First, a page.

One of his heroic actions included saving his younger brother Hugh who was wounded in action.
The Victoria Cross (VC) was introduced by Queen Victoria on January 29, 1856, towards the end of the Crimean War. Right from the outset, it took its place as the most prestigious award in the United Kingdom.
In over one and a half centuries, the Victoria Cross has only been awarded 1,358 times. On top of that, only 15 servicemen have received VCs for actions in World War II. The number of recipients is just a tiny fraction of the colossal numbers that have served the United Kingdom since the Crimean War.
Such rarity is due to the very stringent criteria that are attached to the award. After examining them, it is easy to see how hard it is for an individual to earn the UK’s most distinguished decoration.
But in the history of the VC, there are tales of men who have won the honor twice, as well as examples of family members who have each been honored for exceptional bravery with a Victoria Cross.
Only a relatively few families have achieved the incredible feat of having the Victoria Cross given to two or more family members. To date, four pairs of brothers and three sets of father-son duos have been decorated with the Victoria Cross.
In this article, we take a look at these men who have bravery running in their blood.
Josh Leakey and Nigel Gray Leakey
Following his decoration in 2015, paratrooper Lance Corporal Joshua Mark Leakey became the third British soldier to receive the Victoria Cross for actions in Afghanistan. Interestingly, he is the first living recipient to have received the premier British decoration due to his actions in the War in Afghanistan.
A little research revealed that Josh’s award came about seven decades after Nigel Grey Leakey, a close relative of his, posthumously received the Victoria Cross for heroic action in the North African theater of WWII.
Josh Leakey is Nigel Leakey’s second cousin twice removed.
Reginald Williams Sartorius and Henry Euston Sartorius
Major General R.W Sartorius was 32 when he pulled off the act that resulted in him receiving the Victoria Cross. The year was 1874, during the Anglo-Ashanti War in Ghana, and he was serving in the 6th Bengal Cavalry of the British Indian Army.
In 1879, Henry Euston joined his older brother as a VC recipient after his action in the Second Anglo-Afghan War.
Alexander Buller Turner and Victor Buller Turner
These brothers are unique in that while Alexander received his decoration in the First World War, his younger brother, Victor, received his decoration in the Second World War.
Alexander Buller Turner received the UK’s most prestigious award for actions during the Battle of Loos in 1915. A few decades later, WWII ensued. For actions on 27 October 1942, during the Second Battle of El Alamein, Victor (who was seven years younger than Alexander) was awarded the Victoria Cross, too.
George Nicholson Bradford and Roland Boys Bradford
Lieutenant Commander George Nicholson Bradford had his VC-worthy performance while serving with the Royal Navy aboard the Mersey Ferryboat HMS Iris II during World War I. His brother Roland Bradford received his own share of honor while serving with the British Army in WWI.
They both died in service, along with their brother James Parker Bradford.
Owing to the heroic actions of this duo, they became the only brothers to be decorated with the Victoria Cross for actions in the First World War.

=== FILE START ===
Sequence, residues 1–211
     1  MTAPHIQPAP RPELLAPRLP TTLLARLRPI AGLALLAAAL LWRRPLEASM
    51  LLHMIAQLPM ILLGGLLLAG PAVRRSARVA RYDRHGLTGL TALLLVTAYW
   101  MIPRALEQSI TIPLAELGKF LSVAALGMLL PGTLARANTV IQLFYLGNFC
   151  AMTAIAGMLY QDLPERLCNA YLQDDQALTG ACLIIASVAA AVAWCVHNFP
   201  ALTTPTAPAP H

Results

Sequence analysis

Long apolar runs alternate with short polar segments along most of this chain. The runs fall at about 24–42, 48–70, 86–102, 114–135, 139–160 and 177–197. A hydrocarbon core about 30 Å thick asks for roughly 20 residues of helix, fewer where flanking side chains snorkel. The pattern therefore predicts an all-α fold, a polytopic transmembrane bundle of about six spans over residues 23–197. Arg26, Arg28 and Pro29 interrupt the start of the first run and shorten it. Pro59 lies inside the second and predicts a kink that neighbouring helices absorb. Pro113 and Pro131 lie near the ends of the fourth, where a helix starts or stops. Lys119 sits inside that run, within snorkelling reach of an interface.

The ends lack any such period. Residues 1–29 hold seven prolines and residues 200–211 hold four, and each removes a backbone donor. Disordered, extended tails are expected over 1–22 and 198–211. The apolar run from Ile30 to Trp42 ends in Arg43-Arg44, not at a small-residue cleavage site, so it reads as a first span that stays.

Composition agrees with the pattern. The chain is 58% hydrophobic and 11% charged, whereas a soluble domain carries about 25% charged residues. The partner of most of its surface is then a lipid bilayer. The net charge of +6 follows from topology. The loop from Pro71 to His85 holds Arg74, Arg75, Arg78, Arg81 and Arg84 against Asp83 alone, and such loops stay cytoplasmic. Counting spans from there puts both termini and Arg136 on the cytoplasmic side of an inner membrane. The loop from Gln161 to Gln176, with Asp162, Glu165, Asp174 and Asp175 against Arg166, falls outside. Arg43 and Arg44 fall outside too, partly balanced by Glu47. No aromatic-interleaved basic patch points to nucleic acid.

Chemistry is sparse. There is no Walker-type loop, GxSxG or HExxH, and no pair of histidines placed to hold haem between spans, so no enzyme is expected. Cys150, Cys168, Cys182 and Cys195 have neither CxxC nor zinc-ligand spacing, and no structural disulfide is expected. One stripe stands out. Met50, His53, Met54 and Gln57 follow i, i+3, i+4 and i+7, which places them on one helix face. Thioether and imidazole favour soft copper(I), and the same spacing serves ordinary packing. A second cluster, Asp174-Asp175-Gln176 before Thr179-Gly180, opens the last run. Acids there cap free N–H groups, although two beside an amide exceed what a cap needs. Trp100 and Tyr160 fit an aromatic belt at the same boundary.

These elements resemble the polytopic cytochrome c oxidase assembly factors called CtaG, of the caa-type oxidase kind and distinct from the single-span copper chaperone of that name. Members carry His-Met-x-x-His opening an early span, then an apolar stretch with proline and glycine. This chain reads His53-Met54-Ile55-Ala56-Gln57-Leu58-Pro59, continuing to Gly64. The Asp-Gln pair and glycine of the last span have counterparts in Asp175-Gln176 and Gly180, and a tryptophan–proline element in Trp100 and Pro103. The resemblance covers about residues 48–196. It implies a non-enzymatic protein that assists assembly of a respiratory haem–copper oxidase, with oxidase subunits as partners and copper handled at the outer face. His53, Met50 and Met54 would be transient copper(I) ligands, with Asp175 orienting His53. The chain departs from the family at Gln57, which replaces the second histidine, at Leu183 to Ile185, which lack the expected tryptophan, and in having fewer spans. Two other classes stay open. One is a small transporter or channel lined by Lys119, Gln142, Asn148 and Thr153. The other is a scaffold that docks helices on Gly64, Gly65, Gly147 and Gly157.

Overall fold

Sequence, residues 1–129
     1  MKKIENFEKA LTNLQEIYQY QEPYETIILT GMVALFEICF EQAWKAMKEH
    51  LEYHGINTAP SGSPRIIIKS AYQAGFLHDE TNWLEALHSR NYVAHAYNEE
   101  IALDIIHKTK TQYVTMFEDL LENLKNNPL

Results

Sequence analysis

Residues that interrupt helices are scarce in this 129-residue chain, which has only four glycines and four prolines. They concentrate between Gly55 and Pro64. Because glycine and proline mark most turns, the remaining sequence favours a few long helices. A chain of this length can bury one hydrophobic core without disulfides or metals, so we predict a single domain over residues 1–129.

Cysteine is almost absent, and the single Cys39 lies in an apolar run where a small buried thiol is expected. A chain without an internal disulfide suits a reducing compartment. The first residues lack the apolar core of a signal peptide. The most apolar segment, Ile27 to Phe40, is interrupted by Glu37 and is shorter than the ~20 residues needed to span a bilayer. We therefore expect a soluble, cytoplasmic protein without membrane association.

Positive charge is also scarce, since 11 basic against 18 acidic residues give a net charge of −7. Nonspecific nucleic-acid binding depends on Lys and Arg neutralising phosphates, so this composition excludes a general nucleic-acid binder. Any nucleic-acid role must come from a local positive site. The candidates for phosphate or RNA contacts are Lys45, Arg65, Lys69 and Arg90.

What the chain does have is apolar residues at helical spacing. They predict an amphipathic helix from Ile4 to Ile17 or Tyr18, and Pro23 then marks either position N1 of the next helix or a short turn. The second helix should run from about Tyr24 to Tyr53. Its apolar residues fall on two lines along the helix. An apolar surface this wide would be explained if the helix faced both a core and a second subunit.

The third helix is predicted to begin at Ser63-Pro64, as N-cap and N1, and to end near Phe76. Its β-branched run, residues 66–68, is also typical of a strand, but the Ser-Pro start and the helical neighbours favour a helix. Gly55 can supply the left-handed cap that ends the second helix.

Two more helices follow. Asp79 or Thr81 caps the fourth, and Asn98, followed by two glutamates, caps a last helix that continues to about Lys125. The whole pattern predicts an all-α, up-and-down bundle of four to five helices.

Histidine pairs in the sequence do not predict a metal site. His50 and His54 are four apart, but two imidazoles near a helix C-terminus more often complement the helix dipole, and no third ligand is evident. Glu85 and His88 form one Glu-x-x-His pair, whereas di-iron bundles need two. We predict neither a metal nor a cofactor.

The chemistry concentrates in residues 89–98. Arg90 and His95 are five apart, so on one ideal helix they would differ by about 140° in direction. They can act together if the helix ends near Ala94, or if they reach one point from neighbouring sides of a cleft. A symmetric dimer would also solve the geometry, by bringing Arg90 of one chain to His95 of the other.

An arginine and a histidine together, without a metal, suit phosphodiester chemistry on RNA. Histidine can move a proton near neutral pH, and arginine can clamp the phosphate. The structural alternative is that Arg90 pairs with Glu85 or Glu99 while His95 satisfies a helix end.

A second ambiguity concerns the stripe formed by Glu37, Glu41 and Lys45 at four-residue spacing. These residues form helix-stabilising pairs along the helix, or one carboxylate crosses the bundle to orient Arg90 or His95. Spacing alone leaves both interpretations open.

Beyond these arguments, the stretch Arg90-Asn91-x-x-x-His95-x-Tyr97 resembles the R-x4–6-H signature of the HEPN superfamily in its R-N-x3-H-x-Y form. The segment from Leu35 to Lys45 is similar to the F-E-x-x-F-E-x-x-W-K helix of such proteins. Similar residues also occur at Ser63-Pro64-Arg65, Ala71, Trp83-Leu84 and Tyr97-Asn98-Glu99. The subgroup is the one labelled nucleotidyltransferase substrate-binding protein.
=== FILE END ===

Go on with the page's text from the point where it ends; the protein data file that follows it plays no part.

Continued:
Sir Charles John Stanley Gough and Sir Hugh Henry Gough
During the Indian Mutiny of 1857, the two brothers served in the Guide Corps where they participated in the Siege of Lucknow. Charles John Stanley of the 8th Bengal Cavalry received his Victoria Cross for gallantry during this period. One of his heroic actions included saving his younger brother Hugh who was wounded in action.
A few months later, still during the Indian Mutiny, Hugh Henry Gough also pulled off a heroic performance that made him eligible to receive the Victoria Cross.
With this, the two of them sealed their place in history as the first pair of brothers to be honored with the Victoria Cross.
Sir Charles John Stanley Gough and Sir John Edmund Gough
Several decades after Charles’ Victoria Cross action, his son John Gough would follow in his footsteps, receiving the VC for actions in the Third Somaliland Expedition.
With John Gough now in the picture, the Gough family became the only family with three VCs. They are widely regarded as the bravest family in Britain.
This is a remarkable feat from a family, especially since it’s in relation to an extremely rare decoration with the most stringent prerequisites.
Frederick Sleigh Roberts and The Hon. Frederick Hugh Sherston Roberts
Frederick Sleigh Roberts is one of the recipients of the Victoria Cross from the events of the Indian Mutiny. He established himself as being among the most successful commanders of his time.
Years later, during the South African War, his son played a very significant role in the Battle of Colenso, receiving the Victoria Cross, just like his father.
Sir Walter Norris Congreve and William La Touche Congreave
Sir Walter Norris Congreve received his award for actions during the Battle of Colenso, along with Frederick Sleigh Roberts and two others. His son would join him on the list of VC recipients during the First World War.
Congreve was given this honor for his actions at Longueval, France. From 6 – 20 June 1916, while his battalion was under attack, he constantly inspired his comrades and several times ran into the open to rescue his wounded fellows. He was struck down by a sniper and was eventually awarded a posthumous decoration of the Victoria Cross.